Our Dwarves Are All The Same
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Basic Information

Note: This article is about the race/species of Dwarves as found in works of fantasy and in European legend and does not concern humans with dwarfism, who are very much not the same.

Sadly, Dwarves do not get a trope called Our Dwarves Are Different, because none of them ever are.

The only difference that ever occurs between Dwarves in different games or works of fiction concerns Dwarf women. Either they look just like the men and can't be told apart, or they lack the beards that denote Dwarven men, or the Dwarves are a One Gender Race. Beyond that single distinction, every single setting has the same Dwarves. Should someone come up with a Dwarven variant that's even the least outside that stereotype, they'll label it a Gnome or Hobbit or Duergar or Kender or Goblin or something else, and then have the traditional Dwarves appear in the same world.

The Dwarves Are Always:

  • short
  • stout
  • proud
  • loud
  • armored
  • axe-swinging
  • beard-wearing
  • beer-drinking
  • elf-untrusting
  • gem-cutting
  • metal-working
  • tunnel-digging
  • mountain-dwelling
  • gold-coveting
  • hard-working

Dwarvish wizards are pretty much unheard of, yet the race is known for making powerful magic weapons and artifacts. Go fig.

Related Tropes:

This one-vision state of affairs is particularly sad, because when J.R.R. Tolkien put dwarves into his work, he very intentionally diverted from (and added to) the original subject matter. Prior to Tolkien, Dwarves were known from Norse Myth and Fairy Tales. In Myth they were descended from the worms or maggots that grew in the corpse of a giant that became the earth. They would die or turn to stone if exposed to sunlight. In Fairy Tales, dwarves tend to be creepy little fellows that take your children if you can't guess their name, or who "shelter" the Damsel in Distress who then becomes their maid. The connection to metallurgy, and especially Gold has been there from the beginning, whether spinning straw into gold or giving golden wigs to fertility goddesses. (Overall, there's a very good chance that all the old dwarf tales are either coded myth from some long lost Mystery Cult, or at least heavily metaphorical.) Tolkien stepped away from the Dwarves-as-plot-device and Dwarves-as-metaphor paradigm to give them their own culture and excise the creepiness. The results were so potent, that hardly anyone ever remembers the pre-Tolkienesque Dwarves.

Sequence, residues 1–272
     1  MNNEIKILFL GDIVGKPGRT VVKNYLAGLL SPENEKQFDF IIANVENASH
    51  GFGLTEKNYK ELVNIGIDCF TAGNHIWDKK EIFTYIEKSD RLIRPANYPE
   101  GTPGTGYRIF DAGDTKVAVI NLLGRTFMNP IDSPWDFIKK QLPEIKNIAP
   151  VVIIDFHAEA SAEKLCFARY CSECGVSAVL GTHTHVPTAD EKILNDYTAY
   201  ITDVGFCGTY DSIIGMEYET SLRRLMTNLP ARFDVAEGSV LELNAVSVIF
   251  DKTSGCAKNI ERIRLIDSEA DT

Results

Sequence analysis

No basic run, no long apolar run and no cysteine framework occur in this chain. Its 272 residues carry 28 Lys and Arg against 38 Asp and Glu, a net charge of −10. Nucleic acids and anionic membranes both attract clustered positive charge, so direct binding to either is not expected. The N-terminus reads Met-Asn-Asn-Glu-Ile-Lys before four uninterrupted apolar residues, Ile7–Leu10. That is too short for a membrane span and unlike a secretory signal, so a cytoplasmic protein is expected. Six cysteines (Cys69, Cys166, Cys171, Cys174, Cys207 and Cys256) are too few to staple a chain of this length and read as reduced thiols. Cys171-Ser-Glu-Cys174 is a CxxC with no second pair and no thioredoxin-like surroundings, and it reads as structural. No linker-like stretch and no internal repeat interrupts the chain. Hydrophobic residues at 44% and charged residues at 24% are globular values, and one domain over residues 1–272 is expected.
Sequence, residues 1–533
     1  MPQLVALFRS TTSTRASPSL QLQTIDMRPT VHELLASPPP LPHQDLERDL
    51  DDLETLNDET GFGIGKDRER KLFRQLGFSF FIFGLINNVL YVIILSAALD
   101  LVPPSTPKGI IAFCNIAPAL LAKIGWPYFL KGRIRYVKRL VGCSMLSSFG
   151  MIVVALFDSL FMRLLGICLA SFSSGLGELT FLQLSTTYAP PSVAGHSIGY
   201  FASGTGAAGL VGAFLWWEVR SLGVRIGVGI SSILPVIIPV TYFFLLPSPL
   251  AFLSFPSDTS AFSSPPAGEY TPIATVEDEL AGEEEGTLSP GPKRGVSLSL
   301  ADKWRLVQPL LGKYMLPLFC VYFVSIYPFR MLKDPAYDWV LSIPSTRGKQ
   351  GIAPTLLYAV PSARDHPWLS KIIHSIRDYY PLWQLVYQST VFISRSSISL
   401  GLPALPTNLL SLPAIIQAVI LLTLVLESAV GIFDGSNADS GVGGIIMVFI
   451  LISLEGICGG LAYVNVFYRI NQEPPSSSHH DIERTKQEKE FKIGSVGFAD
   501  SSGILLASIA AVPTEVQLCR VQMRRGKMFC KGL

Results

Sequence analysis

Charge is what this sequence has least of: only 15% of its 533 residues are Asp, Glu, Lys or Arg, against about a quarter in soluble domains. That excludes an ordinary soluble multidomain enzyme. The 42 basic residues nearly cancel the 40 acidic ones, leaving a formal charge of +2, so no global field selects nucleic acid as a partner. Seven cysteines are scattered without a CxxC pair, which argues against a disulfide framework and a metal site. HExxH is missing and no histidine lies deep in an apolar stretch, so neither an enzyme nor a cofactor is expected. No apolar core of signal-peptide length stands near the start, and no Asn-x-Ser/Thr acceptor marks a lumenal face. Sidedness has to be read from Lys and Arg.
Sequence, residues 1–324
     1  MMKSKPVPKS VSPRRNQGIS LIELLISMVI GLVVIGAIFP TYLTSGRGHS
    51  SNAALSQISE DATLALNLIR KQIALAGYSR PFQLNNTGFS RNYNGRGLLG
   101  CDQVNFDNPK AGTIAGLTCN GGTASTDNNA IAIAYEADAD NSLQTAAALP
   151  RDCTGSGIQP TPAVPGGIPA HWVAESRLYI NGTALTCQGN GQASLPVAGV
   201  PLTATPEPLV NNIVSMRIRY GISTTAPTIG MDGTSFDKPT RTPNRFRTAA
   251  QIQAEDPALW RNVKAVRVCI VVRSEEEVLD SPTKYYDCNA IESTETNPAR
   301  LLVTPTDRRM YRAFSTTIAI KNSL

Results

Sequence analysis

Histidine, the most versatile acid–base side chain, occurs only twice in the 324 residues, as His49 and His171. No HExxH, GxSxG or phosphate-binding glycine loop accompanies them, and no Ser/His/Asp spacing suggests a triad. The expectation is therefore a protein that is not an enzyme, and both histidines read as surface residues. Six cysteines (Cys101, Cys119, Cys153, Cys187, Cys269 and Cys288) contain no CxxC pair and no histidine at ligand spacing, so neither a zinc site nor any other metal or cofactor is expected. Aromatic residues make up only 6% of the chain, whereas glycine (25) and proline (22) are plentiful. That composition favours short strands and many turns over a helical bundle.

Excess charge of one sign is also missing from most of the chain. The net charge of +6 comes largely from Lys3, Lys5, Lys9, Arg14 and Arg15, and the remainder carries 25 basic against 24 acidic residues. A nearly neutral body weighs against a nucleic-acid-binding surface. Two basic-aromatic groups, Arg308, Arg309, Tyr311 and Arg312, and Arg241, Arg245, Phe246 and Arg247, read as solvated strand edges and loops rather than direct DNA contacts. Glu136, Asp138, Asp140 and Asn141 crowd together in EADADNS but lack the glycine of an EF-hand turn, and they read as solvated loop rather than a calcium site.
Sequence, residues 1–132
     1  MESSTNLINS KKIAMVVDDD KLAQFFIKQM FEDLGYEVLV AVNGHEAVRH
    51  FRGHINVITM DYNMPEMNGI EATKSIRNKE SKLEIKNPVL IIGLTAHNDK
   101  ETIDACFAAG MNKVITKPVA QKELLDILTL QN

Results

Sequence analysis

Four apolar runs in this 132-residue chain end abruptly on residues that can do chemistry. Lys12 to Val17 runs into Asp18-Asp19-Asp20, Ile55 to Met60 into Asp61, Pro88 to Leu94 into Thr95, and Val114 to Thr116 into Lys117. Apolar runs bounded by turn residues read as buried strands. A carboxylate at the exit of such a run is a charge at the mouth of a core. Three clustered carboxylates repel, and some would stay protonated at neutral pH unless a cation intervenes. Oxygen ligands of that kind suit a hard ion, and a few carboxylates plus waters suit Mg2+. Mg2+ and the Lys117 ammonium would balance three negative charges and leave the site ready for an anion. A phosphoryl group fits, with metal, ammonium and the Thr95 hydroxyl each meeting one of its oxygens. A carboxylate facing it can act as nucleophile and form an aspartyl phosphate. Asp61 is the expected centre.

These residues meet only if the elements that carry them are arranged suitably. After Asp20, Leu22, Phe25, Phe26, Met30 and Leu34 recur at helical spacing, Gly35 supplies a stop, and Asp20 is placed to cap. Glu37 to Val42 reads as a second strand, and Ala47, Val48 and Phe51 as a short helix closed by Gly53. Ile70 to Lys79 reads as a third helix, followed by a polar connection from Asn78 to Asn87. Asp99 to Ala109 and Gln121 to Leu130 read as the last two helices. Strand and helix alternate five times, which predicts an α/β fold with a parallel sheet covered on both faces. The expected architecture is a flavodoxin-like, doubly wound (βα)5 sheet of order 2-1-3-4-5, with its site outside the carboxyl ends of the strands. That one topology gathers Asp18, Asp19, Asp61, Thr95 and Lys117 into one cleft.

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Game and Story Use

  • Make your game unique! Mix up your dwarves a bit!
  • One option is to mash Dwarves, Hobbits and Gnomes together into a paste.
    • If there was one "little people" race instead of three (or more), you wouldn't be pigeonholed into a single character type. Why can't the deep-mountain miners, the hill-dwelling tobacco-farmers, and the wacky steam-punk engineers all be the same species? Why must each of those be a different race, especially since the only physiological difference between them seems to be a few inches added to a single body part (I'm referring to beards, feet and noses, respectively).
      • Wish I could claim the credit for this idea, but I saw it at the SoogaGames Blog first. Definitely an idea I will steal for my next fantasy campaign.
  • Another possible subversion is to make dwarves into some kind of earth elemental - much as gnomes seem to have been in some legends - or machines such as the Gloranthan Mostali.
  • Smaller subversions such as the dwarflike, but passive Tinukeda'ya of Tad Williams' Osten Ard or the hairless, desert dwelling dwarves of the Dark Sun setting also count.
  • And then there are the Dwarves-who-are-actually-elves of The Elder Scrolls (although there seems to be at most one of them left alive at the time at which the games are set).
  • The Artemis Fowl series very much reverts to the worms-of-the-earth theory of dwarfishness.
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